John William Burgon
John Burgon was undoubtedly one of the greatest defenders of the Greek text of the New Testament. He exposed the hundreds of amendments, deletions and additions in the Minority Text and defended the reliability of Textus Receptus till the day of his death. Unlike most Bible students, Burgon was a Greek scholar of the highest rank who spent much of his life browsing through the museums and libraries of Europe examining the ancient Greek manuscripts. He had first hand experience examining the Vatican texts whilst he ministered to a congregation in Rome. His findings are of utmost value in these days of wilful, spiritual ignorance and sin. I will quote a few extracts about this magnificent warrior from David O Fuller's book Which Bible?
"John William Burgon was born August 21, 1813. He matriculated at Oxford in 1841, taking several high honours there, and his B.A. 1845. He took his M.A. there in 1848…the thing about Burgon, however, which lifts him out of the nineteenth century English setting and endears him to the hearts of earnest Christians of other lands and other ages is his steadfast defence of the Scriptures as the infallible Word of God. He strove with all his power to arrest the modernistic currents which during his lifetime had begun to flow within the Church of England, continuing his efforts with unabated zeal up to the very day of his death. With this purpose in mind he laboured mightily in the field of New Testament textual criticism.
CODEX SINAITICUS (ALEPH)
This codex was produced in the 4th century. In his book Let's Weigh the Evidence, Barry Burton writes of Codex Sinaiticus:
"The Sinaiticus is a manuscript that was found in 1844 in a trash pile in St.Catherine's Monastery near Mt. Sinai, by a man named Mr Tischendorf. It contains nearly all of the New Testament plus it adds the 'Shepherd of Hermes' and the 'Epistle of Barnabas' to the New Testament. The Sinaiticus is extremely unreliable, proven by examining the manuscript itself. John Burgon spent years examining every available manuscript of the New Testament. He writes about Sinaiticus...
In his excellent book An Understandable History Of The Bible, Rev. Samuel Gipp writes of
"One of the MSS is called Sinaiticus and is represented by the first letter of the Hebrew alphabet, Aleph. This MS from all outward appearances looks very beautiful. It is written in book form (codex) on vellum. It contains 147 1/2 leaves. The pages are 15" by 13 1/2" with four columns of 48 lines per page. It contains many spurious books such as the 'Shepherd of Hermes,' the 'Epistle of Barnabas' and even the Didache.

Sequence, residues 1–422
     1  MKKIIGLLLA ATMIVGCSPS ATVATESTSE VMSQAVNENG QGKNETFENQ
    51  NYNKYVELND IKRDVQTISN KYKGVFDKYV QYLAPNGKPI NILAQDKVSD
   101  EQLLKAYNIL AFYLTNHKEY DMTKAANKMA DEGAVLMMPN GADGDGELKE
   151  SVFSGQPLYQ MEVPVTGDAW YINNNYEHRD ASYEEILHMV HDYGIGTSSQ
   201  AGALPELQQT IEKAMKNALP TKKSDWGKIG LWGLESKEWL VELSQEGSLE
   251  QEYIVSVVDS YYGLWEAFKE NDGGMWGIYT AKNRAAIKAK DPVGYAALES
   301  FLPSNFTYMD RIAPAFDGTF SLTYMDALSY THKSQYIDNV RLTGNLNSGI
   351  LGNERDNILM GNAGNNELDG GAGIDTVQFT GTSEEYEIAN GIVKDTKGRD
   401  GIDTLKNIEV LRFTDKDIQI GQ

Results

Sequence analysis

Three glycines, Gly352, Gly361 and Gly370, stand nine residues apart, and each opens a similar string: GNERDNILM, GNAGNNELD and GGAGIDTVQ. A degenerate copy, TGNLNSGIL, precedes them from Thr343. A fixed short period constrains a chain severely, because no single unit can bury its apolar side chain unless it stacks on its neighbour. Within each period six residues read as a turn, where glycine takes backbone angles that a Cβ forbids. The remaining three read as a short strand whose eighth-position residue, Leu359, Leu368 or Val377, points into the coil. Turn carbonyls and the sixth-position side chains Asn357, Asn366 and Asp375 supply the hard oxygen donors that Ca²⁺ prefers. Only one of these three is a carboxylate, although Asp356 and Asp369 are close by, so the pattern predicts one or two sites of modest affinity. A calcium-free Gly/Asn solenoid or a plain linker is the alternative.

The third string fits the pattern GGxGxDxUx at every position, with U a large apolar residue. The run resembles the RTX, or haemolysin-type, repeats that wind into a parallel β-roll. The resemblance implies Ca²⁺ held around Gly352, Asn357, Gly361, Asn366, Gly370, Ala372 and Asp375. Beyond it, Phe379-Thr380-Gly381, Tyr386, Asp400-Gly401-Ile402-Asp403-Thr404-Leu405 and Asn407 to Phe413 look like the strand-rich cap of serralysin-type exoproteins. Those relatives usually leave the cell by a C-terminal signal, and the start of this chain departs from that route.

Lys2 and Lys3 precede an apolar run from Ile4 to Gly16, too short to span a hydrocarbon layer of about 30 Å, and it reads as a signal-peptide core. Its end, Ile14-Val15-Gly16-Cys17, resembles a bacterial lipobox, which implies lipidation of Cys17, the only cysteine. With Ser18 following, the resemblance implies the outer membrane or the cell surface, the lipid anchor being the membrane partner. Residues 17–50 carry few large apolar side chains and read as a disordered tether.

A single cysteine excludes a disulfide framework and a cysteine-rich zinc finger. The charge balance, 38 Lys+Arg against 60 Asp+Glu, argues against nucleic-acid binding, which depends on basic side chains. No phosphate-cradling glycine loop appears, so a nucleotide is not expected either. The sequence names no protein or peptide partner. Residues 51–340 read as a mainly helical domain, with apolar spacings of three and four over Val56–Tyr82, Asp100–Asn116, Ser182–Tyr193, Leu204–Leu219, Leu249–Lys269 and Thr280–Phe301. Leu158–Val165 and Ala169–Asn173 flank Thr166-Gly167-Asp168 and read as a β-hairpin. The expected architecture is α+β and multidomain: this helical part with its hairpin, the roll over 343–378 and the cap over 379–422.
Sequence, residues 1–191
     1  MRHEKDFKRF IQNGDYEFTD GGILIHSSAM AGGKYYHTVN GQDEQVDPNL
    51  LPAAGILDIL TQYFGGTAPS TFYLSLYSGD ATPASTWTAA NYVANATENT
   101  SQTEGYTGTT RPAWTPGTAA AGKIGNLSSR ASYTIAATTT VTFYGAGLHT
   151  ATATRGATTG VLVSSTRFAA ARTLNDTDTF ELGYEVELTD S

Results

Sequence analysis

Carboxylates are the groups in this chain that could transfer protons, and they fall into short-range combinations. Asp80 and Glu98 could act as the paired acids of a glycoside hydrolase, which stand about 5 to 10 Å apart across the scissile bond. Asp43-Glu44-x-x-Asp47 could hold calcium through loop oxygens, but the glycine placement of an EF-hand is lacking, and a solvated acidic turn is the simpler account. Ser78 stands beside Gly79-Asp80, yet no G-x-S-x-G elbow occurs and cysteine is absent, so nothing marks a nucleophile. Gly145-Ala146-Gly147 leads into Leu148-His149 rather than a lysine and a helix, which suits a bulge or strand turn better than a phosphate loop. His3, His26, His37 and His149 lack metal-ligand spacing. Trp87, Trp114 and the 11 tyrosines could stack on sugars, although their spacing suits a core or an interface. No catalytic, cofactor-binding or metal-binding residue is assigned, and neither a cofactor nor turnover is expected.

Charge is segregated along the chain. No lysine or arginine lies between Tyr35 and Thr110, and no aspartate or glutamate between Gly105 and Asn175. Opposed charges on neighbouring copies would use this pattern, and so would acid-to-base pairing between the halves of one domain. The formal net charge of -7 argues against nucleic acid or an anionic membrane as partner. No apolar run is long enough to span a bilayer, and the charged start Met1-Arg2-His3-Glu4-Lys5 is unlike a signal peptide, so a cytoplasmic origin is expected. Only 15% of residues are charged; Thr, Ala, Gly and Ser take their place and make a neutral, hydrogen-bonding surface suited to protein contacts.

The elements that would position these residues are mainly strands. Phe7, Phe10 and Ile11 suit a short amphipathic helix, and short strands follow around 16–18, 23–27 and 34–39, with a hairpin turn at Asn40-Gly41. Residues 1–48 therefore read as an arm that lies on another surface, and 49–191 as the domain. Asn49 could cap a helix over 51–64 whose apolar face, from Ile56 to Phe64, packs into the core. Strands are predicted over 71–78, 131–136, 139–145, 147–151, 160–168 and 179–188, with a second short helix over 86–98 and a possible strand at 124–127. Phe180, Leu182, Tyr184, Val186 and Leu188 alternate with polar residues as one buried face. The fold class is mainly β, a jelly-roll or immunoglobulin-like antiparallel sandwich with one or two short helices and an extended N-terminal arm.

CODEX VATICANUS (B)
The second major manuscript of the Minority Text is known as Codex Vaticanus, often referred to as 'B'. This codex was also produced in the 4th century. It was found over a thousand years later in 1481 in the Vatican library in Rome, where it is currently held. It is written on expensive vellum, a fine parchment originally from the skin of calf or antelope. Some authorities claim that it was one of a batch of 50 Bibles ordered from Egypt by the Roman Emperor Constantine: hence its beautiful appearance and the expensive skins which were used for its pages. But alas! this manuscript, like its corrupt Egyptian partner Sinaiticus (Aleph) is also riddled with omissions, insertions and amendments.
Of Codex Vaticanus Samuel Gipp writes on
"This codex omits many portions of Scripture vital to Christian doctrine. Vaticanus omits Genesis 1.1 through Genesis 46:28; Psalms 106 through 138; Matthew 16:2,3; Romans 16:24; the Pauline Pastoral Epistles; Revelation; and everything in Hebrews after 9:14.
Rev. Gipp continues on page 73:
"The corrupt and unreliable nature of these two MSS (Sinaiticus and Vaticanus) is best summed up by one who has thoroughly examined them, John W Burgon: 'The impurity of the text exhibited by these codices is not a question of opinion but fact...In the Gospels alone, Codex B(Vatican) leaves out words or whole clauses no less than 1,491 times. It bears traces of careless transcriptions on every page…
"So we see that once a pure copy of the Universal Text (Textus Receptus) had been carried down into Egypt, it was recopied. During the process of this recopying, it was revised by men who did not revere it as truly the Word of God. This text was examined by the critical eye of Greek philosophy and Egyptian morals. These men saw nothing wrong with putting the Book in subjection to their opinion instead of their opinion being in subjection to the book. This process produced a text which was local to the educational centre of Alexandria, Egypt. This text went no further than southern Italy where the Roman Catholic Church found its unstable character perfect for overthrowing the true Word of God which was being used universally by the true Christians." (Ref:B7)